When your tesm stumbles into a superstar, it sometimes takes a little while for the reality to sink in. Jennings, of course, isn’t yet considered a “franchise player,” but he sure looked like one last night. It all reminds me of a few years ago when Gilbert Arenas took the NBA by storm—game-winning shots, 60-point performances, playoff heroics—it was all like an out-of-body experience for Wizards fans. Some franchises may be used to having star players, but the Washington Wizards aren’t one of ’em.
And neither are the Milwaukee Bucks. Over at SB Nation’s Bucks blog, Brew Hoop, there’s as much shock as awe:
My twenty years as a Bucks fan have been, at least superficially, a disappointment. Far too many 50-loss seasons ending in mid-April. Disappointing draft picks and bloated contracts. Stars that don’t shine as bright as every other team’s stars. Coaches that talk a good game but can’t seem to coach one. So if you’re a recent convert or a casual fan, understand where I’m coming from. I might love the game too much to give it up, but as a fan I’ve got some serious baggage. Cynicism, pessimism, paranoia…it’s all there lurking in the shadows.
So quite honestly I don’t know how to deal with Brandon Jennings. I just watched him score 55 points in his seventh professional game, and quite honestly I’m working through some things. Like, is this really happening? Is it possible the universe is playing an awful, awful trick on us poor Bucks fans? Or is this just what it feels like to have a superstar drop into our lap? And can we just get him to sign a max contract extension now, rather than waiting another two plus years?
Fifty-five for the game, all in the final three quarters. Forty-five in the second half (17/21 fg). Twenty-nine in the third quarter. Simply unbelievable.
The Warriors don’t defend much anyway, but everytime the Bucks gave Jennings a high screen good things happened. As we’ve seen from most opponents, the Warriors were content to go under screens on Jennings and dare him to make a play.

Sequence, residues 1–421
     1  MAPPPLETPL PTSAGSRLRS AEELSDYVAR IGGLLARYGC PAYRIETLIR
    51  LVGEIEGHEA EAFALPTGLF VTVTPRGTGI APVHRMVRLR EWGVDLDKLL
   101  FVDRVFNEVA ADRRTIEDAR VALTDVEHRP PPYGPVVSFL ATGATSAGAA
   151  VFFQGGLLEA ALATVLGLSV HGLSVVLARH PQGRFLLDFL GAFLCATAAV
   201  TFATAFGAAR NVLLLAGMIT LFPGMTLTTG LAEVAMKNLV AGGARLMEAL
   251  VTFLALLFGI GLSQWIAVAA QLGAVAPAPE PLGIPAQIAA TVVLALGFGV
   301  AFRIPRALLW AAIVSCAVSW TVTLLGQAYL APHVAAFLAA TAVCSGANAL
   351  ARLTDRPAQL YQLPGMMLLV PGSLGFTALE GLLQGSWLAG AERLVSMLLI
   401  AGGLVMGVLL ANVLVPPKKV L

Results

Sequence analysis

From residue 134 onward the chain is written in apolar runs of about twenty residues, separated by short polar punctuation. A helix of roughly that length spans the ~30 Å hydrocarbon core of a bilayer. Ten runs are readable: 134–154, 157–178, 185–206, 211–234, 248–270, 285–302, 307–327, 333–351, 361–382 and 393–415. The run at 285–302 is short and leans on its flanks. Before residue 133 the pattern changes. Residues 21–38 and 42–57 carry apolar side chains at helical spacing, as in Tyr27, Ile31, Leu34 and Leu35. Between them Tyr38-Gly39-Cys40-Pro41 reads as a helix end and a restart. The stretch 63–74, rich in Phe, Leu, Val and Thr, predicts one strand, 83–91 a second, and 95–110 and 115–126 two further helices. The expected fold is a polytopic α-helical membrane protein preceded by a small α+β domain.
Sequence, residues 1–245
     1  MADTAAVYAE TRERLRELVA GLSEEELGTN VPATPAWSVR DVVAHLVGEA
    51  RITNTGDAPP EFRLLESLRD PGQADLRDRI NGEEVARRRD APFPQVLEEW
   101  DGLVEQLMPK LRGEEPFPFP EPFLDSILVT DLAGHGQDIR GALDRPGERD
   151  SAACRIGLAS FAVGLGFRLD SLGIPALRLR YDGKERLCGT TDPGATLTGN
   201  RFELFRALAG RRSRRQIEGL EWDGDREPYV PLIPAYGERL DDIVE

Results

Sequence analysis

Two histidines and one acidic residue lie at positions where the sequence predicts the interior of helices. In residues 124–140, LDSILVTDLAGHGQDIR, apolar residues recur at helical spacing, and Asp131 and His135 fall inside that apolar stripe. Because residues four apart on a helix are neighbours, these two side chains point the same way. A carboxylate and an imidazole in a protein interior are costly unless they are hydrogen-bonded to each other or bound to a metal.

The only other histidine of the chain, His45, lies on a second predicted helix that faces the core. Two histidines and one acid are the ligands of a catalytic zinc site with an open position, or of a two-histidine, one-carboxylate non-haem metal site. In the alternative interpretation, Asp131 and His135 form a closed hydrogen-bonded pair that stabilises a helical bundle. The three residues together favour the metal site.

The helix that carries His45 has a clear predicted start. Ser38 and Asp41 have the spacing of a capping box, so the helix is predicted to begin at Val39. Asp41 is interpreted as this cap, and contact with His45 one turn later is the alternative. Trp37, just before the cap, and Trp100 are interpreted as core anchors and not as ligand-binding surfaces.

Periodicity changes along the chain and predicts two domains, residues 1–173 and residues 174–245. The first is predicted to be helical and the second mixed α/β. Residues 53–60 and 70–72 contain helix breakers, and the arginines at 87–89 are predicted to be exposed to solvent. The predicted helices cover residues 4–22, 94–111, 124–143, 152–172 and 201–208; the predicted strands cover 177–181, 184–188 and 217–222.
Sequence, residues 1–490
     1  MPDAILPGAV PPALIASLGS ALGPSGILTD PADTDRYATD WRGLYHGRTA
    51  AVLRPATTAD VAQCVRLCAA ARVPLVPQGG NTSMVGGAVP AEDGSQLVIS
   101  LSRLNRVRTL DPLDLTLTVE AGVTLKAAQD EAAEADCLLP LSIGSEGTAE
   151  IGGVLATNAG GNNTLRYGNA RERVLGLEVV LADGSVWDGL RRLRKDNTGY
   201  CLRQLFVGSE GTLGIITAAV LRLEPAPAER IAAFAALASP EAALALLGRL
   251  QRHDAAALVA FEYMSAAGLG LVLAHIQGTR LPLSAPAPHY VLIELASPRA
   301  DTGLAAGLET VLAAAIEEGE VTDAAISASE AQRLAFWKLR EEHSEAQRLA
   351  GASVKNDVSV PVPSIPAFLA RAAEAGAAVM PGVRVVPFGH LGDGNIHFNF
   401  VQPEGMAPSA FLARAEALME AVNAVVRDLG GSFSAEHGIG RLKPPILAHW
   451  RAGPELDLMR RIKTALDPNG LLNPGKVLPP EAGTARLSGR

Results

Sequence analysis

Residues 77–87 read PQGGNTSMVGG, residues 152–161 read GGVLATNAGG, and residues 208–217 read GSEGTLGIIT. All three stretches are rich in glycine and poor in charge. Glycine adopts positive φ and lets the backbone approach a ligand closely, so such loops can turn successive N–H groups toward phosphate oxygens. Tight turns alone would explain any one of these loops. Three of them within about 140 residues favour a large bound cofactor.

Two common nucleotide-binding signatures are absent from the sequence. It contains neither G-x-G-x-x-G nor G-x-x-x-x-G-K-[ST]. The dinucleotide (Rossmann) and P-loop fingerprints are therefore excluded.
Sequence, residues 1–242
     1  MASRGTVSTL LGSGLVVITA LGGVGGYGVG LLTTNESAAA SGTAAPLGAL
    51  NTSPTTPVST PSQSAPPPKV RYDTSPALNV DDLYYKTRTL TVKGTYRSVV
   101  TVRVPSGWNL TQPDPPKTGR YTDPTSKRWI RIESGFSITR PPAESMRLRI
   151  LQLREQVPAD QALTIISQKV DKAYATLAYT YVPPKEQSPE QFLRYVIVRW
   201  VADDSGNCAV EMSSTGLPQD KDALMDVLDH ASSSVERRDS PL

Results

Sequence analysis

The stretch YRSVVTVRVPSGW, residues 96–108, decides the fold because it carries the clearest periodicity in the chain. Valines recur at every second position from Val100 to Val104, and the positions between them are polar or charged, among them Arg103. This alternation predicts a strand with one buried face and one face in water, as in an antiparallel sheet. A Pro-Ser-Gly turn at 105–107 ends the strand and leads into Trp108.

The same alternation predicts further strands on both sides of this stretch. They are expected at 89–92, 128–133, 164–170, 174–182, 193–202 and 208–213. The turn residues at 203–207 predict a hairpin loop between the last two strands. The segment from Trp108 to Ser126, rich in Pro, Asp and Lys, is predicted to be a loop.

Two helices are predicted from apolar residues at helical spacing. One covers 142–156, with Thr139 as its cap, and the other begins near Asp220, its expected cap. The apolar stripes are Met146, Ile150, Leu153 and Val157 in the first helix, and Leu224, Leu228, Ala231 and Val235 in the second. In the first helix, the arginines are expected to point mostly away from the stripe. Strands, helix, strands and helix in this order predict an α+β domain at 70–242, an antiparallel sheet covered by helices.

So he did. Gliding to the hoop for acrobatic layins. Dropping in that one-handed floater that’s quickly becoming his signature shot. Pulling up off the screen for a clean look at a mid-range jumper. And when all that was getting boring, how about a three-pointer? Or seven of them? Once Jennings got going, it didn’t matter if his feet were set. He made his first twelve shots of the third period, and when his last jumper of the period bounced off the rim the entire arena seemed confused. How did that happen?
Perhaps more amazingly, he kept going, which was fortunate considering the Warriors refusal to lay down. Every time the Bucks needed a big shot in the fourth he was there to make it happen. This was his coming out party, and he wasn’t going to let it end with anything but a win. By the way, did we mention that he missed his first three shots and was benched less than five minutes into the game?
Click here for their full thoughts on the game, and remember Bucks fans, enjoy this while it lasts. Have you seen Gilbert Arenas lately? Sometimes, this stuff can be fleeting. Make the most of it, Milwaukee.